We started with the edamame… best I’ve ever had — sauteed with oil, salt, pepper, and plenty of crispy garlic. The hazelnut ramen was recommended by the waitress… I was intrigued so ordered it. And just wow… SOOOOO delicious!! The boys loved their choices as well, though Miles would have preferred a soup ramen rather than his which included noodles and meat with a dipping sauce on the side. Service was spotty but super friendly.
We dined here again for our final lunch in Niseko, and it was still fantastic. More edamame, plus crispy fried chicken — Karaage Don… YUM. Afuri definitely provided us the best ramen on a trip filled with excellent ramen. Highly recommend! https://setsuniseko.com/en/dining/afuri
Small popular izakaya that has been around for many years, run by a friendly older couple. Reservations required and make them WELL in advance. The place is small and many were turned away during our visit. There is a second location next door that doesn’t take reservations — Bang Bang 2! http://nisekobangbang.com/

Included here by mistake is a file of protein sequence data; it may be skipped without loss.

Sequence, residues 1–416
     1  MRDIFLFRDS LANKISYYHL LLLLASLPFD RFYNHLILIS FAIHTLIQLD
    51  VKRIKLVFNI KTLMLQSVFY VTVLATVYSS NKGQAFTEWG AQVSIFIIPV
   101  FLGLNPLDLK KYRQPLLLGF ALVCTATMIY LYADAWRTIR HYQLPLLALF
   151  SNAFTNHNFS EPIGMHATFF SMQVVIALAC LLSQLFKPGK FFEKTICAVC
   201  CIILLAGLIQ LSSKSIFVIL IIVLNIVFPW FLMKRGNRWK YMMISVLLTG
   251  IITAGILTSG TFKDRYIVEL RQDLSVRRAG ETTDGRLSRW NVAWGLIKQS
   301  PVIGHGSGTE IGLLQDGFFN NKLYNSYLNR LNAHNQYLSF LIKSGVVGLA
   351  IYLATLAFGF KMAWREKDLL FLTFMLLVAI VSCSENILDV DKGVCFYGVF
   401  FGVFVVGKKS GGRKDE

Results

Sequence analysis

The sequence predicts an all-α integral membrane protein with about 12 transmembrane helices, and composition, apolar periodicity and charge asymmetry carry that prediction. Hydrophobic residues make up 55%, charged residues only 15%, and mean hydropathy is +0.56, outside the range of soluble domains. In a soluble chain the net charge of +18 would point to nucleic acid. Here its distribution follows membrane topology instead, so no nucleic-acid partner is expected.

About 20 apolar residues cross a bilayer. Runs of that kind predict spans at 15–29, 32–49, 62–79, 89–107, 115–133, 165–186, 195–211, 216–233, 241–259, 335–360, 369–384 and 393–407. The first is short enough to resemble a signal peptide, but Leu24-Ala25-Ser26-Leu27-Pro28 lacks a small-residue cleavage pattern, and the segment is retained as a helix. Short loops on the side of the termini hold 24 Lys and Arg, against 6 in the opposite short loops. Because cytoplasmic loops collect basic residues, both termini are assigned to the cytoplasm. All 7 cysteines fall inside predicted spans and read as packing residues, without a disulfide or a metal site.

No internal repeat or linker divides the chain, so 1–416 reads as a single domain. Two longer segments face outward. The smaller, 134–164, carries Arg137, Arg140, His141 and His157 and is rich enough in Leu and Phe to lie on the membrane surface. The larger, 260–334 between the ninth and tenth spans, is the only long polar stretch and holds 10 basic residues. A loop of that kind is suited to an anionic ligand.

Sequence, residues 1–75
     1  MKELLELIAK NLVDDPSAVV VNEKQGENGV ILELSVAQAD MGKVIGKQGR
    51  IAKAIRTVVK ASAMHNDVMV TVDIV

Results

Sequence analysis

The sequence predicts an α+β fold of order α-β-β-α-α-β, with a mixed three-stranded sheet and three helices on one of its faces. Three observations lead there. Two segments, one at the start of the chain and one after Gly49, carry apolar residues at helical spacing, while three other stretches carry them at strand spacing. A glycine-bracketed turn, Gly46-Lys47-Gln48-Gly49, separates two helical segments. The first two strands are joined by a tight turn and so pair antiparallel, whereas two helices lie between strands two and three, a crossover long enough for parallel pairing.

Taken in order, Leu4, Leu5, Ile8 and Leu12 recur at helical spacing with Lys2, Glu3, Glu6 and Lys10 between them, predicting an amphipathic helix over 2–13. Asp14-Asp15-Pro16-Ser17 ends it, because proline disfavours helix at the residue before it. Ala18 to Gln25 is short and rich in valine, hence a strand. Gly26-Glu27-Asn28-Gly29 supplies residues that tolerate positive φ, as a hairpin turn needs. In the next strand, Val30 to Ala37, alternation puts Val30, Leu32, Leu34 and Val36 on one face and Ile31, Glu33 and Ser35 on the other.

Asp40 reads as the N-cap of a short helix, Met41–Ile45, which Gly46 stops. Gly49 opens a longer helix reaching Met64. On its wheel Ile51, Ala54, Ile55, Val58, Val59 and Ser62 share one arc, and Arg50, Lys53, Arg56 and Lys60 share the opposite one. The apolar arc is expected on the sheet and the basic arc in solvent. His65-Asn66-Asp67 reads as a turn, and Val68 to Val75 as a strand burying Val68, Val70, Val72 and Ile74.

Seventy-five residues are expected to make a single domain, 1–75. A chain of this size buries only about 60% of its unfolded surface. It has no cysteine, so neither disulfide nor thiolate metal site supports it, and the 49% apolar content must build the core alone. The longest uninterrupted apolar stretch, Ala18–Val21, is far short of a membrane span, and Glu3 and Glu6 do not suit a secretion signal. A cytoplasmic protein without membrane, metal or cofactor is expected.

Yakitori, sashimi, and many other a la carte options. Edamame complimentary. For the sashimi, they will create an assortment for whatever budget you give them. We shared a sashimi plate for 6000 yen which included toro, salmon neck, tuna, scallop, and two white fish which I didn’t quite catch name. The table next to ours had dragon fish — Hakkaku —on their platter — the “wing” is splayed out and so impressive looking.
The yakitori we ordered were good, nothing amazing. Pork and beef better than the chicken. For dessert, we tried the baked cheesecake instead of their unbaked version. Different from US cheesecake but decent.
The vibe here is so much fun. There was a birthday and the entire restaurant stopped and sang… and it didn’t even feel tacky!